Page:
The EU oil embargo was held up and watered down by protests led by Hungarian strongman Viktor Orban, and NATO’s big moment to showcase its Nordic expansion has been generald by ongoing Turkish objects. But while those issues have been driven by a pair of perennial troublemakers in the West’s midst, the cracks are clearest over arming Ukraine and confronting how the war might end.
This weekend Macron told French newspapers that the West shouldn’t humiliate Putin, but instead allow him an “exit ramp through diplomatic means.”
The anger from Ukraine was swift. To them, Macron’s comments were a capitulation offensive, musings about the wisdom of humiliating an aggressor when their people are being slaughtered.
“Calls to avoid humiliation of Russia can only humiliate France and every other country that would call for it,” Ukrainian Foreign Minister Dmytro Kuleba tweeted.
NBC News has reached out by email to Macron’s office for comment.
In Italy, the government is split over sending more weapons. One opponent is Matteo Salvini, leader of the right-wing League party, who once signed a cooperation deal with Putin’s party and posed wearing a Putin T-shirt in Red Square.
Germany, meanwhile, announced last week that it will supply Ukraine with state-of-the-art anti-aircraft and radar systems. But, after years of criticism for Berlin’s willingness to cultivate economic ties with Putin’s Russia, Chancellor Olaf Scholz has also been accused of slow-rolling weapons deliveries and declining to state that “Ukraine must win.”
When asked about this reticence, Scholz has said, “I am not Kaiser Wilhelm” — a reference to the man who led Germany into World War I. Berlin has also always leaned pacifist as a reaction to its Nazi past.
Scholz is adamant he cannot understand this criticism, telling German broadcaster ZDF last month that he was not being too cautious, just trying to “act prudently and with a clear mind.”
History also weighs on Macron. His desire not to humiliate Russia has been interpreted as a reference to the severe penalties imposed on Germany after World War I, which some historians say created the conditions for the rise of the Nazis and World War II.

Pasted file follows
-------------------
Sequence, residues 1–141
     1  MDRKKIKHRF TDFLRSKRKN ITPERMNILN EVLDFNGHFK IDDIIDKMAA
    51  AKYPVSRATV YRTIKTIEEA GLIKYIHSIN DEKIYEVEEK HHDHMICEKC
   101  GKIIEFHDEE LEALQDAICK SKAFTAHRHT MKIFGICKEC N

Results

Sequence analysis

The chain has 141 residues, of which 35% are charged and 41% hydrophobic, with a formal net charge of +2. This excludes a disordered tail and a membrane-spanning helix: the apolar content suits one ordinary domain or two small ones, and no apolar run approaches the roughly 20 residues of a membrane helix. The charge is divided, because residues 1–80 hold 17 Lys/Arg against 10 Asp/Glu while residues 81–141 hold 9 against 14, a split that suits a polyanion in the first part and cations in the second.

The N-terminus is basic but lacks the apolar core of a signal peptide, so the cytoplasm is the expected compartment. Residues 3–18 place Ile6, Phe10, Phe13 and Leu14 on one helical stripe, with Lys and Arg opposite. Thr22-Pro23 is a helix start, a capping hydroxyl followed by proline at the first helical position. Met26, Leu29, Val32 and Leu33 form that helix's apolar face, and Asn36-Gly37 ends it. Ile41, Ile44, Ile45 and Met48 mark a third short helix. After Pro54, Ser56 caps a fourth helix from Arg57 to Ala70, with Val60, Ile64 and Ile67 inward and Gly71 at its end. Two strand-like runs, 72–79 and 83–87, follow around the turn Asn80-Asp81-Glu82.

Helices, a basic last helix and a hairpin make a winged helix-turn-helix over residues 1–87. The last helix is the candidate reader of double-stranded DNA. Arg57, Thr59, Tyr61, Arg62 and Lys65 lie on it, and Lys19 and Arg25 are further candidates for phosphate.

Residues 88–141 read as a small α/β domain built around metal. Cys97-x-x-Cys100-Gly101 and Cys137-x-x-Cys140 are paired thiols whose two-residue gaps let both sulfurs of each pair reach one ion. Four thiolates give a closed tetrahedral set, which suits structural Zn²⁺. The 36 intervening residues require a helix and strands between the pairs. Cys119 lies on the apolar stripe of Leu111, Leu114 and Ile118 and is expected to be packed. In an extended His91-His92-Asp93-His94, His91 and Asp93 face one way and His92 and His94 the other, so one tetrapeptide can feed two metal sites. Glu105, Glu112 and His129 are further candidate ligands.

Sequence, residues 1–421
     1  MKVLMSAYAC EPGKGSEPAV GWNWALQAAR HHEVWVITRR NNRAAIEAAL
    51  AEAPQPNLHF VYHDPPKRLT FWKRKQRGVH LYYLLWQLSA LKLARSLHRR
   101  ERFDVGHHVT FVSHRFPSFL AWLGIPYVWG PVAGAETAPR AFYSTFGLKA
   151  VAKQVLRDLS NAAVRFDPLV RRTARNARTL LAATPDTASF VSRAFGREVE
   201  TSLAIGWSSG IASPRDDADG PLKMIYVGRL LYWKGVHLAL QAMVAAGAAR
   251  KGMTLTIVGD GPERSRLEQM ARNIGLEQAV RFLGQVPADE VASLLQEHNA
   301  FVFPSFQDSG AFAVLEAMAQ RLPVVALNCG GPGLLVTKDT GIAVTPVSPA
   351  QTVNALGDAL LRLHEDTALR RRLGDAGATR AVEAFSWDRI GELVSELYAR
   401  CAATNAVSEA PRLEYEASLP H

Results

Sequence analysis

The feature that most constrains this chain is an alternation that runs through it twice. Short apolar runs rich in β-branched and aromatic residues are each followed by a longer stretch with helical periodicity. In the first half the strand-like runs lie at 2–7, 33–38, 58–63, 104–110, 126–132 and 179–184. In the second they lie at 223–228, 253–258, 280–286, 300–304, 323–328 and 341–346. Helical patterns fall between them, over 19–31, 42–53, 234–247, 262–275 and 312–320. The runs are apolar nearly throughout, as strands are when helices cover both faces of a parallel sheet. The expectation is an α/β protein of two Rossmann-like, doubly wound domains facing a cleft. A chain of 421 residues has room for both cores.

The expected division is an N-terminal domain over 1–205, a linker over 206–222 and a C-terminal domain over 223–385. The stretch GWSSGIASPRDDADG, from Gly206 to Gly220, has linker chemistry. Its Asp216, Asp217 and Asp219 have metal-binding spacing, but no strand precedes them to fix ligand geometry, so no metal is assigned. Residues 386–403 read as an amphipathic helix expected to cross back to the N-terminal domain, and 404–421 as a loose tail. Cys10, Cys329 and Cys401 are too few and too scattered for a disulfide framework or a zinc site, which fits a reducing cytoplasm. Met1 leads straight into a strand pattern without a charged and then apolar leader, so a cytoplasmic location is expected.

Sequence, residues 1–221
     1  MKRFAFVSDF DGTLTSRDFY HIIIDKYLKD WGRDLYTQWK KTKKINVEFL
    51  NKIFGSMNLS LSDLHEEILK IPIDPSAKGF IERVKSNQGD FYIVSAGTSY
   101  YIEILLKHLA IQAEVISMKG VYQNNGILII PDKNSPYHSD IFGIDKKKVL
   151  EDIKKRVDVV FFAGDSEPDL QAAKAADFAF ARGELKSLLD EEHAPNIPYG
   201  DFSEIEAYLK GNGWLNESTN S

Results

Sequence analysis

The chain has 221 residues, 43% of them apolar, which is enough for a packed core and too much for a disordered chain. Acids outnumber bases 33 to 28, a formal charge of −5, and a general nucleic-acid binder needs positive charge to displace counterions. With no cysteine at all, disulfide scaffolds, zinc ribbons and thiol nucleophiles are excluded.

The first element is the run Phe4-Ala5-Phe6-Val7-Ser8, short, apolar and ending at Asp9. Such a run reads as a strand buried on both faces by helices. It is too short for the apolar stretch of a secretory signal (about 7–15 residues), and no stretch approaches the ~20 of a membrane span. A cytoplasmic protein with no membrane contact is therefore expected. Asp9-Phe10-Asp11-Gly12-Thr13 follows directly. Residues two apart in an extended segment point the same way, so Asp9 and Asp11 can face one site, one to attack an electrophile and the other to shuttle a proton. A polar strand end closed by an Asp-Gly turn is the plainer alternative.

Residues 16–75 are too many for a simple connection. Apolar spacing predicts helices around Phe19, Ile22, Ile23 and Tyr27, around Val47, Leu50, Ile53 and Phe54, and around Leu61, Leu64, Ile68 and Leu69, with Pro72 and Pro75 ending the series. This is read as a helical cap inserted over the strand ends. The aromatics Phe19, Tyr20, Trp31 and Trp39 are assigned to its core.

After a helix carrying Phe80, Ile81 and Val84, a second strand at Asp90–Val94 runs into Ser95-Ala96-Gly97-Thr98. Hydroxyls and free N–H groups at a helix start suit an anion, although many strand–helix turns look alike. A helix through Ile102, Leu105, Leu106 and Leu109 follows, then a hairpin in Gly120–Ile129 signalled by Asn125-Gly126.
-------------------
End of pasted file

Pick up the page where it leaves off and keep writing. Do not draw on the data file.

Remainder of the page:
“Germany, France and Italy are all struggling with the shadows from the past,” said Fabrice Pothier, a French analyst and NATO’s former head of policy planning.
The West now faces a catch 22 over Ukraine, according to Pothier, who is now a consulting senior fellow at the International Institute for Strategic Studies, a London think tank. “To defeat Russia in a significant way will mean we have to be much more directly involved,” he said. “But we cannot let Ukraine be defeated, either.”
Most of Eastern Europe has led the way with forthright denouncements of Putin and weapons shipments to Kyiv. For them it’s about survival: Putin could easily turn on them.
The UK and US both recently agreed to provide Ukraine with advanced missile systems.
But some still have seen equivocation within the administration of President Joe Biden, particularly after he stipulated that these weapons should not be used to attack Russian territory — the first such limitation applied to any assistance provided by the West to Kyiv.
Asked about this last week, State Department Spokesman Ned Price said there had been “many eulogies written prematurely” about Western unity and maintained that the alliance was holding.
For some, ensuring Russian soil is not attacked with US arms is a wise move to prevent escalation. For others, it’s a clear sign to Putin that he has unnerved the West.
For some observers in Europe, Washington often gets an easier ride than Paris or Berlin because of the narrative that those countries aren’t doing enough.
Had Biden’s caveat come from those European capitals, “there would have been an outburst,” said Gustav Gressel, a former desk officer at the Austrian Ministry of Defense who is now a senior policy fellow at the European Council on Foreign Relations in Berlin. “If Scholz had said the same thing, it would have rung the alarm bells about appeasement.”